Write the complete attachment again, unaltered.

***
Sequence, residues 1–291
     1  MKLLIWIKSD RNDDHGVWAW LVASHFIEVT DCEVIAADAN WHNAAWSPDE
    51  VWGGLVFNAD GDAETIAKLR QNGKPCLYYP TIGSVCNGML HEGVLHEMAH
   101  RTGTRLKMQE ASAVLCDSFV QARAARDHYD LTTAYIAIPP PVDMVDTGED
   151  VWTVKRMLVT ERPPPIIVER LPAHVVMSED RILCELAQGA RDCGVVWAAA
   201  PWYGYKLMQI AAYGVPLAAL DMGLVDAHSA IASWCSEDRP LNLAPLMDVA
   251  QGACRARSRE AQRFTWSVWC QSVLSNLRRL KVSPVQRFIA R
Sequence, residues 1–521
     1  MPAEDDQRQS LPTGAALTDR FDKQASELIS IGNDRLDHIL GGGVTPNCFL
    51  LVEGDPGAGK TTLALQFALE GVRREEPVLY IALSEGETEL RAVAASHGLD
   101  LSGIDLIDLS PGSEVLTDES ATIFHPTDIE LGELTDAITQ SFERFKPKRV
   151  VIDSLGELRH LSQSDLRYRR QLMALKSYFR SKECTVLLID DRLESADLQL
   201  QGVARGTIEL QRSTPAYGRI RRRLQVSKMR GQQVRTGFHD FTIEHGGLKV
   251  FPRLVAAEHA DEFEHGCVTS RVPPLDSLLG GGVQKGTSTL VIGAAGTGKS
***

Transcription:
Sequence, residues 1–291
     1  MKLLIWIKSD RNDDHGVWAW LVASHFIEVT DCEVIAADAN WHNAAWSPDE
    51  VWGGLVFNAD GDAETIAKLR QNGKPCLYYP TIGSVCNGML HEGVLHEMAH
   101  RTGTRLKMQE ASAVLCDSFV QARAARDHYD LTTAYIAIPP PVDMVDTGED
   151  VWTVKRMLVT ERPPPIIVER LPAHVVMSED RILCELAQGA RDCGVVWAAA
   201  PWYGYKLMQI AAYGVPLAAL DMGLVDAHSA IASWCSEDRP LNLAPLMDVA
   251  QGACRARSRE AQRFTWSVWC QSVLSNLRRL KVSPVQRFIA R
Sequence, residues 1–521
     1  MPAEDDQRQS LPTGAALTDR FDKQASELIS IGNDRLDHIL GGGVTPNCFL
    51  LVEGDPGAGK TTLALQFALE GVRREEPVLY IALSEGETEL RAVAASHGLD
   101  LSGIDLIDLS PGSEVLTDES ATIFHPTDIE LGELTDAITQ SFERFKPKRV
   151  VIDSLGELRH LSQSDLRYRR QLMALKSYFR SKECTVLLID DRLESADLQL
   201  QGVARGTIEL QRSTPAYGRI RRRLQVSKMR GQQVRTGFHD FTIEHGGLKV
   251  FPRLVAAEHA DEFEHGCVTS RVPPLDSLLG GGVQKGTSTL VIGAAGTGKS